The second of these two weeks has been marked with one event which has had a major effect on the fishing. The beginning couple of days saw rain of biblical proportions. The feeder stream began to run and the lake water level rose by, between 4 and 6 inches (almost 2 million gallons). The influx of cold water had two effects. The first was that the water temperature dropped 2 degrees and the numbers of feeding fish on view dropped dramatically. The second was that the carp seemed to taste the minerals etc coming in from the feeder stream and several were seen to move down the Southern Arm as far as Jetty. This migration has meant that the captures have been far better spread with fish coming from 1st Pontoon (including 46lbs & 41lbs commons) and 2nd Pontoon (including mirrors of 44lbs 42lbs and 44lbs & 53lbs common), Royal Box, Oaks, Mistletoe (including 44lbs common), Reeds and Boneyard (41lbs mirror). The eagle eyed among you will have noticed that Pampas is the glaring omission. I’m now watching the weather forecast for the next two weeks and praying that it remains steady rather then falling too fast but it’s not looking good.

12th October 2019

 Another very enjoyable week done with a great bunch of lads. Our lives can, sometimes be very easy when groups are so easy to look after so I’ve got to say a massive thank you and well angled to one and all.  The angling certainly wasn’t easy but I think part of it was because, with just five anglers on the exclusive booking, the fish were able to move away to quiet areas of the lake and were left undisturbed. My reason for saying this is simply that the week started very well but went quiet for the last 48 hours.  Anyway, it wasn’t too sad as the lads managed to Bank 21 Carp and these included 7 forties, 3 fifties to 59lbs+ and “Horseshoe Scale” at 61lbs 1oz.Well angled fellas.

6th October 2019

The weather certainly changed and the cool conditions and light rain, while not filling the lake, definitely dropped the water temperature by 5 degrees and this made the fishing much more difficult.

Impleased to say that everyone of the five anglers caught but the totals were very meager. We only saw 15 Carp banked and these included just 2 fifties and 6 forties. We need to see the weather remain settled and, with the new group adopting a boilie only approach, we could see a much better result.

1st October 2019

 Plenty of photos to look at so I will keep the verbiage brief.  As is often the case, some anglers did considerably better than others but, in general, a good week was had by all.  I met some new additions to the Moorland family who are already friends with plans to return next year and 2021 so we must have done something right.  A special mention must go out to one of our regulars. Ben Newton chose Oaks swim and fished it extremely well to end with 14 good carp rounded off with a new PB in the shape of a 51lbs common. Well angled mate.  In total the lads had 49 carp including 13 forties and 6 fifties, two of which were 59lbs plus.  Be lucky!

22nd September 2019

Following the disappointing, some would say messy, end to last week, I am pleased to report that, despite the conditions making fishing difficult, some cracking fish were caught. I should also say that the majority of the group were good lads but, as is often the case, a few can easily ruin it for their mates.
Anyway, in amongst the fish banked were 5 forties, 4 fifties, including a stunning common of 57lbs 4oz, and 1 sixty at 60lbs 7oz.
Continuing on in order to bring things up to date, by Sunday breakfast this week’s lads have banked 3 forties and 1 fifty at 59lbs 10oz. Well angled fellas.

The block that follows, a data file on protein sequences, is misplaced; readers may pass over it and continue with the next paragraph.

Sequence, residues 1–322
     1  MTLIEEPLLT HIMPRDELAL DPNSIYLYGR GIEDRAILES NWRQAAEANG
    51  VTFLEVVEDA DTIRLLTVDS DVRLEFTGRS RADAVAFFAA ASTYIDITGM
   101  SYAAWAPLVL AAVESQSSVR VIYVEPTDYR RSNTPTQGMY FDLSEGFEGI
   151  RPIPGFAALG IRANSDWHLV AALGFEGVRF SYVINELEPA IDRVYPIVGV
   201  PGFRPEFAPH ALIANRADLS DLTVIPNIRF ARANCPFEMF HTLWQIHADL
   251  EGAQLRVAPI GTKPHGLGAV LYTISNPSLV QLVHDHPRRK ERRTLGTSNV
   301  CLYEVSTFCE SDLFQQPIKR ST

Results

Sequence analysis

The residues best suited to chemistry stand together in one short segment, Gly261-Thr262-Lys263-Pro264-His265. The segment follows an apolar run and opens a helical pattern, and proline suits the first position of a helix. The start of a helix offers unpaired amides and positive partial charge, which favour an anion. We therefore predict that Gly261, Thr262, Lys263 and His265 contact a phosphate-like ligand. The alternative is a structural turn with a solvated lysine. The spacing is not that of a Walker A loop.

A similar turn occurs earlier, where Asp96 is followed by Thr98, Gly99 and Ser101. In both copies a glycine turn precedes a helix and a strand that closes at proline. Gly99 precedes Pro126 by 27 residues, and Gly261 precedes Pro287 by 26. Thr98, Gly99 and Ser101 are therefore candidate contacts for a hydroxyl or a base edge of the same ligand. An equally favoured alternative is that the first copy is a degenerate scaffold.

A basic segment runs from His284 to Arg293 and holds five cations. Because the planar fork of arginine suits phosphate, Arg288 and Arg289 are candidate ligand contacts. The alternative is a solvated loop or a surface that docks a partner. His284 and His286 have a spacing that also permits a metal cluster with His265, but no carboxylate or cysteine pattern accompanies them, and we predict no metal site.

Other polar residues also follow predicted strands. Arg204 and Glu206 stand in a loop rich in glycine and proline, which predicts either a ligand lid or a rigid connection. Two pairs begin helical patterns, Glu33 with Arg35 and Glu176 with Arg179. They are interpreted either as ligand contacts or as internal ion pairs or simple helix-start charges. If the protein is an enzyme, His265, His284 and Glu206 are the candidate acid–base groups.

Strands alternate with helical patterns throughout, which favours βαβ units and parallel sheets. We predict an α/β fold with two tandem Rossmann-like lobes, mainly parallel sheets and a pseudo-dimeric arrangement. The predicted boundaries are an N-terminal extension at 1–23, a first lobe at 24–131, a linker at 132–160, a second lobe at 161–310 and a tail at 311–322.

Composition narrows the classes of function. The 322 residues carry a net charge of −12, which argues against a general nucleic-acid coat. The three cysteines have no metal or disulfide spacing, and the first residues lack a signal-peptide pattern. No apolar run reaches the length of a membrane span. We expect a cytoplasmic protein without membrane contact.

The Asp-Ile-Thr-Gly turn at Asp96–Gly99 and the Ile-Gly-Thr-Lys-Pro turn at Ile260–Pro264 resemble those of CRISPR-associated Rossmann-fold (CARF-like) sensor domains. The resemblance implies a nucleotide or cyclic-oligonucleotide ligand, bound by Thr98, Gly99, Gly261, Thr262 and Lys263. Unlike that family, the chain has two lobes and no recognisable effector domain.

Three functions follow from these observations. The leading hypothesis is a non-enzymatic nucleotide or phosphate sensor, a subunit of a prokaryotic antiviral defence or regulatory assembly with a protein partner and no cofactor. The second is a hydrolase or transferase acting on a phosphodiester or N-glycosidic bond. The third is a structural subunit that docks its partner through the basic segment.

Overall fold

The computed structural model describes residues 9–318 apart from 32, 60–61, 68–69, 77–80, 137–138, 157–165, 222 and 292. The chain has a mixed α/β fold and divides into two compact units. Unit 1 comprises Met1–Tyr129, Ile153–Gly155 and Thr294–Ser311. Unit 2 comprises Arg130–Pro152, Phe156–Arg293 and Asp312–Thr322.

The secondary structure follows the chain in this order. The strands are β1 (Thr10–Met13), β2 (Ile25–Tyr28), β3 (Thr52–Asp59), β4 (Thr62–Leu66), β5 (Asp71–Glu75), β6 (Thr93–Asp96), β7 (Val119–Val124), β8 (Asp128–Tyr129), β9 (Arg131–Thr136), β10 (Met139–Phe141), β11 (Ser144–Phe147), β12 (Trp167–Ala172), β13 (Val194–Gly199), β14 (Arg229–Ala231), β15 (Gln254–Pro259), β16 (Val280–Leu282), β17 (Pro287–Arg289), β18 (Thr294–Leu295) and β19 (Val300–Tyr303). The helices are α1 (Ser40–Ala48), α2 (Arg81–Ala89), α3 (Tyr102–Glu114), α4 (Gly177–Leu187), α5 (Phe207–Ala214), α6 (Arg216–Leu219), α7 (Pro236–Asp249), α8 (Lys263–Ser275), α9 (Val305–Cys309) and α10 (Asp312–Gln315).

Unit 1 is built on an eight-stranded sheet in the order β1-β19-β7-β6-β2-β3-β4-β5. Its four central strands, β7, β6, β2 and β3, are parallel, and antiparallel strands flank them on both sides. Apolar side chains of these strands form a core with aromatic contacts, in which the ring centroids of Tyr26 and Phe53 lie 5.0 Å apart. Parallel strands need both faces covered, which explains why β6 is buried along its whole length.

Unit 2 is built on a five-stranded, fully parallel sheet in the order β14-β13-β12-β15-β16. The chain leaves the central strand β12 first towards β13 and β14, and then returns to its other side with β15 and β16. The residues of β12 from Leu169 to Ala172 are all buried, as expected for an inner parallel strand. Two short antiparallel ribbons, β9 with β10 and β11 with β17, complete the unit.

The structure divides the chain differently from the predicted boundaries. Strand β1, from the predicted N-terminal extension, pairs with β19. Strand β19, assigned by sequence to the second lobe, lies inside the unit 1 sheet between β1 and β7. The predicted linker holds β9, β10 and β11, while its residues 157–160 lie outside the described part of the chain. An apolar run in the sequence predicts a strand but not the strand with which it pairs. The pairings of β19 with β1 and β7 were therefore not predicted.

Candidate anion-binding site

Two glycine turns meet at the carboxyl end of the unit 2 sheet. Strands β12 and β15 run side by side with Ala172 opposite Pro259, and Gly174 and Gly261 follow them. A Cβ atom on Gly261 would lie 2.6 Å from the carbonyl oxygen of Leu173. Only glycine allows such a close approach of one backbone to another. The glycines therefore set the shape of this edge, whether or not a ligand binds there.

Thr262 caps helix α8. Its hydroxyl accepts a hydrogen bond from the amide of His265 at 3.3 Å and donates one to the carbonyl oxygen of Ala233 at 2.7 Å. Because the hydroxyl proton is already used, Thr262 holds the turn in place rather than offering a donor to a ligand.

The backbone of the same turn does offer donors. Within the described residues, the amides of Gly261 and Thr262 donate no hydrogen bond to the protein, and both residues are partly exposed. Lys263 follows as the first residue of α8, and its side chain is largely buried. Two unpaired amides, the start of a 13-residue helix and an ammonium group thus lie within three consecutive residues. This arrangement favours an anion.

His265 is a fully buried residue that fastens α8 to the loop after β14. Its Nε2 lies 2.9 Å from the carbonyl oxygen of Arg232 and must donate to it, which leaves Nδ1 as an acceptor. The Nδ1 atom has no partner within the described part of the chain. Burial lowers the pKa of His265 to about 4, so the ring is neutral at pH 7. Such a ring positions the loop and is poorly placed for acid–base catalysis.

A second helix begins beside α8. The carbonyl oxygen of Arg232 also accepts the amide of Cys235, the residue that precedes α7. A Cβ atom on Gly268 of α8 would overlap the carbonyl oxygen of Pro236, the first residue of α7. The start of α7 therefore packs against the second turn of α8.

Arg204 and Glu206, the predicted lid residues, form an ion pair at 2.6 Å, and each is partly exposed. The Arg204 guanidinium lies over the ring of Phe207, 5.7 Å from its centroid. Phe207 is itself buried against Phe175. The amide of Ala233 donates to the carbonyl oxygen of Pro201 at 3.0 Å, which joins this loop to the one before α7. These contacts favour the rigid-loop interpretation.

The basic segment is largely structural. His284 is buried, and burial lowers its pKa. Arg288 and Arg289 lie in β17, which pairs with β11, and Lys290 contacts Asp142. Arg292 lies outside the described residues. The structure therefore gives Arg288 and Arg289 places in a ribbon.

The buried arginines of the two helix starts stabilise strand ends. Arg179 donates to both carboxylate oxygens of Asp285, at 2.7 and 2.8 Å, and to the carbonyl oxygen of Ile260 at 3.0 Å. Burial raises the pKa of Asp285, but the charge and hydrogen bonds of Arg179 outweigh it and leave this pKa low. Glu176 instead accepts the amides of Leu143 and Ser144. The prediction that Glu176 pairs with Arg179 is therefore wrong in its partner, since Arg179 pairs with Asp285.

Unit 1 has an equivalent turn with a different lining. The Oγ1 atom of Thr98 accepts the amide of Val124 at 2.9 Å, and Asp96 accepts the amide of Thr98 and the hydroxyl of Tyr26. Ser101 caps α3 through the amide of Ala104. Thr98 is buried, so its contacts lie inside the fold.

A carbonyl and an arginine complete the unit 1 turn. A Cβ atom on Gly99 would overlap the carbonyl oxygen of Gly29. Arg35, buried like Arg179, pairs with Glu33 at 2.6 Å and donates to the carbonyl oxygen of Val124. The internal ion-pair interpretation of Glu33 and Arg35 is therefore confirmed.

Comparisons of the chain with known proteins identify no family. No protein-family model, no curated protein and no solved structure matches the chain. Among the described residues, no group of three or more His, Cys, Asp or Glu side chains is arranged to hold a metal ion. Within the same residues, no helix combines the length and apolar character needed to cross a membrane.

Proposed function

From the team at Moorlands.

15th September 2019

 This is going to be a weekly report about the lake but will be built around the session of a lifetime for one angler.  I’m pleased to be able to record that everyone of the five anglers caught so nobody blanked but  the results of one angler were astounding.

His final tally was:-

1 double, 2 twenties, 3 thirties, 4 forties, 3 fifties (50lbs 8oz, 56lbs and 56lbs – all commons). 5 sixties (61lbs 10oz c, 61lbs 10oz c, 61lbs 2oz m, 64lbs m, 64lbs m).

9th September 2019

The week that saw the water temperature start to drop and the carp begin to feed heavily. It was rewarding to see some of the anglers take note of exactly where the fish were feeding and use that information to their advantage. It was also interesting to see Oaks go from producing just one fish the previous week to 15 last week, including the biggest of the week at 63lbs. This could easily be related to the bait being used as we see, very regularly that some of the most popular baits done work well out here. I’m pleased to report that every one of the 8 anglers caught at least one carp over 40lbs and the total catch was 59 carp, which included 19 forties, 2 fifties and 2 sixties. Well angled fellas.

3rd September 2019

 I must admit that I wasn’t expecting to be adding to the blog this quickly but last night’s captures prove just how quickly the situation can swing. I mentioned in my last post that the area in front of Oaks and Royal Box hadn’t produced anything of note during last week but had banked Pipesmoker at 60lbs on Saturday night. It continues to produce the goods and while Royal Box banked Pipesmoker, last night it was Oaks turn to shine with a double pick up made up of a 47lbs mirror and “Peach” at 63lbs. Both fish look in stunning condition and the recent history of the Peach is worth recounting.

She achieved her biggest ever weight of 67lbs 3oz on 25th April 2019 when she was full of swollen eggs and ready to spawn. She was then caught again on 24th June, after spawning, at an empty weight of 54lbs 3oz, so 13lbs of spawn had been shed during the extended, and very hot, spawning period. 10 weeks later and still during the ridiculously hot summer, she has managed to regain 9 of those lost pounds. As I said before, these big girls can easily gain 2lbs+ per week as the water cools during autumn and, potentially, we have 10 “growing” weeks remaining before the season ends. In theory that could equate to a 20lbs increase in weight but, being realistic, that is very unlikely to happen but I’m expecting her, at about 16 years old, to be approaching 70lbs at the end of this year or next spring. Fantastic to see another fish that has been born in the lake since we bought it, heading for these massive milestones.